As we did with the updated Transport Strategy, we also considered feedback from key stakeholders in the development of this GPS. Stakeholders will continue to be consulted for the next GPS which will be published before July 2012.

The GPS does not come into effect until July next year, so key organisations will have significant time to build it into their own plans and thinking.

Under this Government the sector has become used to huge investment in land transport --- $3.1 billion this year alone – and the investment is set to continue under the GPS. While, quite naturally, the possible range of investment in various activity classes is wider six years out than it is in 2009/10, for example, the commitment to investment remains as strong as ever.

I will give you just a few examples:

  • The allocation to public transport services over the six years will be between $1.35 billion and $1.69 billion.
  • The allocation to public transport infrastructure will be between $440 million and just over $1 billion.
  • The allocation for new and improved infrastructure for state highways will range from $2.9 billion to $4.4 billion.
  • The allocation for new and improved infrastructure for local roads will range from $1.05 billion to $1.65 billion.

There are also large allocations across other classes, including renewal of state highways and local roads, maintenance and operation of highways and roads, and road policing.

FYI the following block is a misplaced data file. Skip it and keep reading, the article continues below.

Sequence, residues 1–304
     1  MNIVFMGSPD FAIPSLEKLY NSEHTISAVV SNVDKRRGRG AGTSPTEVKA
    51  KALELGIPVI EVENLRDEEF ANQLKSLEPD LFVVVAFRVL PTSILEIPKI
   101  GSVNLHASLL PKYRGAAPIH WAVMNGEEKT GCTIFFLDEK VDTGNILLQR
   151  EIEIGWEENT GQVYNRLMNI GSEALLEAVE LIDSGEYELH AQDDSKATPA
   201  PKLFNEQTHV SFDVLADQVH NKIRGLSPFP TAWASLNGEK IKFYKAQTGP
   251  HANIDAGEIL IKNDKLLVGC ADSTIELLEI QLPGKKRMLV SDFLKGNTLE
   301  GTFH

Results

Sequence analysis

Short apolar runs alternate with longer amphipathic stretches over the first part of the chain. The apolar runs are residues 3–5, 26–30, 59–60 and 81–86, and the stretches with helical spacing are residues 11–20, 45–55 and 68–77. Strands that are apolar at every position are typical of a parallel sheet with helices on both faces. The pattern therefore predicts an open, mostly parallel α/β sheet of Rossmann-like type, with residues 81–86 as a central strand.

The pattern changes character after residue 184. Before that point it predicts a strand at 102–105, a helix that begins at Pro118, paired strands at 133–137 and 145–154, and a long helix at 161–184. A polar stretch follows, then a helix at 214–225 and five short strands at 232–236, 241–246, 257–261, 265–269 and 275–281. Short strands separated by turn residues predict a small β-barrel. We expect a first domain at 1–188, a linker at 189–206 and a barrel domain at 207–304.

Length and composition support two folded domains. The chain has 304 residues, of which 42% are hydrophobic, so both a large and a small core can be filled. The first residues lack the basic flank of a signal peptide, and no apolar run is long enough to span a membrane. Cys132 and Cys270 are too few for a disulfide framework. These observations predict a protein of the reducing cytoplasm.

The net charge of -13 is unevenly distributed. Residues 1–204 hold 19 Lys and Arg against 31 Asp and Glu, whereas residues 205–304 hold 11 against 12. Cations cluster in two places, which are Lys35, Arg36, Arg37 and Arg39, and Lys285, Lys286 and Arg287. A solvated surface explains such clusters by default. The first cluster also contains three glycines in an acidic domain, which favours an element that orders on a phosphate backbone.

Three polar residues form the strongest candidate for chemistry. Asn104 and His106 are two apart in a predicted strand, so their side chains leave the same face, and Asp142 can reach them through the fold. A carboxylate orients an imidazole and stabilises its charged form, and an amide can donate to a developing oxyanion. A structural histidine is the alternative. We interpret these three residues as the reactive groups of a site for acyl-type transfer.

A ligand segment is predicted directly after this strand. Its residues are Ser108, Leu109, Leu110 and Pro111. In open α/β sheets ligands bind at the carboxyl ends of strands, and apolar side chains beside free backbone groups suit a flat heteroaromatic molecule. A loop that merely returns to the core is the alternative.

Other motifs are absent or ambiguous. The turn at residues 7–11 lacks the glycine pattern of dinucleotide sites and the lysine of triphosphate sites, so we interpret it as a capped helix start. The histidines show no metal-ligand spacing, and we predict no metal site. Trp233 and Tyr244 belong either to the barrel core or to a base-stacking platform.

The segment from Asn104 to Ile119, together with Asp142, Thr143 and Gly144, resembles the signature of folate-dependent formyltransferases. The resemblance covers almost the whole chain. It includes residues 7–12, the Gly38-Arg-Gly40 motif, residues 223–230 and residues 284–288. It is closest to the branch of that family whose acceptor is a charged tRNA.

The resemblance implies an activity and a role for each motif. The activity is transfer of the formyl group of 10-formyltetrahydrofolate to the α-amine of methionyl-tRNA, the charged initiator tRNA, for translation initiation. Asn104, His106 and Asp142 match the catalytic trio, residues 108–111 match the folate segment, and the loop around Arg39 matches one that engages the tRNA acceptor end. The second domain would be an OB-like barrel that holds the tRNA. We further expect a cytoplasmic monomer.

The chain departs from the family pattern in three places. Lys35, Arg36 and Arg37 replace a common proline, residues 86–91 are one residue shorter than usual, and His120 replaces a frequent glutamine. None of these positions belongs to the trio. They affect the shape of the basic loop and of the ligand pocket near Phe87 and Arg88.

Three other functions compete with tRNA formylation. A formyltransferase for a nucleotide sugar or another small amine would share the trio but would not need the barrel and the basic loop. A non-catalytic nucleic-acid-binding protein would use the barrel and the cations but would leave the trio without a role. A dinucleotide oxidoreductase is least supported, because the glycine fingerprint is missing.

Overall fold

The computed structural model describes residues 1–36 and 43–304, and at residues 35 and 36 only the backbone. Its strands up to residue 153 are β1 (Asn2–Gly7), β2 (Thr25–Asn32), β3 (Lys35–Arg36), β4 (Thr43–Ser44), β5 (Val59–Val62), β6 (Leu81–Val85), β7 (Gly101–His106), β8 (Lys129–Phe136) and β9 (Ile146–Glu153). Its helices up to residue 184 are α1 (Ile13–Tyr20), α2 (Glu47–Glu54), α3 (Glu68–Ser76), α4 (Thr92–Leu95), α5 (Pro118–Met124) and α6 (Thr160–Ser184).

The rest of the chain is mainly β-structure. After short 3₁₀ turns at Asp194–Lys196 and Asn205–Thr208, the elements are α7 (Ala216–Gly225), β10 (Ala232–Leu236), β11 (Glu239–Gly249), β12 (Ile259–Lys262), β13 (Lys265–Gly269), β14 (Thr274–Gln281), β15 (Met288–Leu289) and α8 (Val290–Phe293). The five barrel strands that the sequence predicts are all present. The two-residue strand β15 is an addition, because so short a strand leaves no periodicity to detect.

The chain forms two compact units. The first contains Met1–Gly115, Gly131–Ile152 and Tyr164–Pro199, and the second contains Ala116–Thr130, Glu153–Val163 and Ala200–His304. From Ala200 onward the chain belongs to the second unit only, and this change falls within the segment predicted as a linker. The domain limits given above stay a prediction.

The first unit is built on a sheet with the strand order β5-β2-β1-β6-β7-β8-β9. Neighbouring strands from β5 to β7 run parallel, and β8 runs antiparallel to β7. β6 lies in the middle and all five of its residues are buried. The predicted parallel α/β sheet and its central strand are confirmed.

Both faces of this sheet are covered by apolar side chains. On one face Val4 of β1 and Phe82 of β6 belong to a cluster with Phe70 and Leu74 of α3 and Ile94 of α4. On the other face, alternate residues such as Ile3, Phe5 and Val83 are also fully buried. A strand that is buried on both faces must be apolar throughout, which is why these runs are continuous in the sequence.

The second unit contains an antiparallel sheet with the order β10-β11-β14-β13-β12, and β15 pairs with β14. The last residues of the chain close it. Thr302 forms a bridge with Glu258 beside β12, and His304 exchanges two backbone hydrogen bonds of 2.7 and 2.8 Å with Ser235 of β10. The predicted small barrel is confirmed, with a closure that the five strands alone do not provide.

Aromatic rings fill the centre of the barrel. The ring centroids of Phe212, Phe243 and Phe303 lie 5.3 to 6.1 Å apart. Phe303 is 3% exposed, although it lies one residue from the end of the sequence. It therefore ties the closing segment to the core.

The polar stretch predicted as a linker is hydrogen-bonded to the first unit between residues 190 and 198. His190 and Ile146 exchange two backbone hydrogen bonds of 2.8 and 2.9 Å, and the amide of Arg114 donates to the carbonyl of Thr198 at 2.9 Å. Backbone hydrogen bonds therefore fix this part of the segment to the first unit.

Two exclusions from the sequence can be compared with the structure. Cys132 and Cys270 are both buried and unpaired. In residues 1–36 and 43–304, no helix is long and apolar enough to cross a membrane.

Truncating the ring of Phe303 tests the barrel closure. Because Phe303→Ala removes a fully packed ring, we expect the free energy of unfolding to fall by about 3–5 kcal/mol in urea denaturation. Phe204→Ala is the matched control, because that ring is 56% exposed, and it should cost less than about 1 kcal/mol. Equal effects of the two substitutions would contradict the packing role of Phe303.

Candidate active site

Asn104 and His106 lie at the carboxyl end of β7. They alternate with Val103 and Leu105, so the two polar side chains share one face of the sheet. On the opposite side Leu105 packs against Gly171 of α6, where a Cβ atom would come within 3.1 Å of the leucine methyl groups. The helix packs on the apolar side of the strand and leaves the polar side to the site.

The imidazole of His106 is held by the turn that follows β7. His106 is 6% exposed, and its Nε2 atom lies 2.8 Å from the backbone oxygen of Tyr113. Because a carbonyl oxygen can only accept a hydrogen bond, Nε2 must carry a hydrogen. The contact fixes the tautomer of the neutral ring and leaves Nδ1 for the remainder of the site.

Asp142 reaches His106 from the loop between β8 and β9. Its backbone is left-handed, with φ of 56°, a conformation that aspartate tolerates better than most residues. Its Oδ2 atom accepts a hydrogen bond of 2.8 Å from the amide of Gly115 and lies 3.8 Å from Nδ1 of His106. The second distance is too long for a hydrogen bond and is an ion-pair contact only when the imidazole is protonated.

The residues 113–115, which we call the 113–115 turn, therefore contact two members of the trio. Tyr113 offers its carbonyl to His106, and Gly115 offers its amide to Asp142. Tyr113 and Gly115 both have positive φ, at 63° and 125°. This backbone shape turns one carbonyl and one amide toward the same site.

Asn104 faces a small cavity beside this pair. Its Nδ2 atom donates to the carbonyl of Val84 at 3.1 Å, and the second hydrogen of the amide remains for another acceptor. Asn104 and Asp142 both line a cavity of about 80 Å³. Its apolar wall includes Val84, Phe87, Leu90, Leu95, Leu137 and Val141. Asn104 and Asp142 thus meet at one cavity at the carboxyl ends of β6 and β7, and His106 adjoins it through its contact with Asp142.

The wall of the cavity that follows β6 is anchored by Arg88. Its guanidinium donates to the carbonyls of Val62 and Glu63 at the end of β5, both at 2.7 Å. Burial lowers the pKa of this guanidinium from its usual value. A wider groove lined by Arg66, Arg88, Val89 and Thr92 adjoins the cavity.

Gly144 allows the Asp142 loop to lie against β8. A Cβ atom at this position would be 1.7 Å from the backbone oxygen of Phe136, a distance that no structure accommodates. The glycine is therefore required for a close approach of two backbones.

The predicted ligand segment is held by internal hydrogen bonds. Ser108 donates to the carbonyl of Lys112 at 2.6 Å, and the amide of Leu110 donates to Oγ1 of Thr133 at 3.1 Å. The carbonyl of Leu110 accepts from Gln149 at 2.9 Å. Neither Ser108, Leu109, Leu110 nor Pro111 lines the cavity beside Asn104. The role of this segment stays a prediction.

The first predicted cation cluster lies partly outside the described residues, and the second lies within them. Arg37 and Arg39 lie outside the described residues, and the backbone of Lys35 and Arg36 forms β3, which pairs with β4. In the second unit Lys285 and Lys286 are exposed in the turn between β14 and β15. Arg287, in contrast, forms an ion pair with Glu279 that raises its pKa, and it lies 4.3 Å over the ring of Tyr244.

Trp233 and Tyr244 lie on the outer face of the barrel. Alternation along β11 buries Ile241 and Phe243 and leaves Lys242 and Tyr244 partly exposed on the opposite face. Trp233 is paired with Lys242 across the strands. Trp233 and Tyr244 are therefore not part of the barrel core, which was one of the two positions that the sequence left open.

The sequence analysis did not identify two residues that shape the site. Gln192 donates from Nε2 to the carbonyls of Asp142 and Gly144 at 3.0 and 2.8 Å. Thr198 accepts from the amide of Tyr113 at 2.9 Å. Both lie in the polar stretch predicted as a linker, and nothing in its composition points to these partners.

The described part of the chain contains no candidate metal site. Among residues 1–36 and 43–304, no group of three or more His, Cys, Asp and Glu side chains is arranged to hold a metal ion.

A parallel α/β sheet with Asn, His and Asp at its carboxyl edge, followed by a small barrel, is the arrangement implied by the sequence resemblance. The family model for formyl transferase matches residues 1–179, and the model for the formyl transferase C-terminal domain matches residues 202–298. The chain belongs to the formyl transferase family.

And, remember, funding in the NLTF is in addition to government investment in passenger and freight rail networks through ONTRACK; a major investment programme in passenger and freight rolling stock through KiwiRail; potential funding of up to $244 million for the Canterbury Transport Regional Implementation Plan over 10 years; $10 million annually for 2009/10 and 2010/11 for remaining priority projects in the Northland and Tairawhiti regional development funding programmes; and $18 million funding annually for the SuperGold card to provide free off-peak travel on bus, rail and ferry services.

As you will be aware, under full hypothecation, all fuel excise duty, road user charges and motor vehicle registrations collected will go into the National Land Transport Fund. And, as you will also be aware, I have recently asked, following debate about road user charges, for an independent review of the model for allocating the costs of maintaining roads and building new ones, and for reviewing how these charges are collected.

We will track progress against the targets in both the Strategy and GPS using the Transport Monitoring Indicators Framework.

The Framework, developed with input from across the sector, brings together data from across all transport modes for the first time. It uses a consistent set of core indicators to ensure we are moving in the right direction. Both national and regional data included in the framework are available on the Ministry of Transport’s website.

The other significant change to come out of the Land Transport Management Amendment Act 2008 is the recently established New Zealand Transport Agency. This new Crown entity, which came into being last week, combines the expertise and functions of Land Transport New Zealand and Transit New Zealand.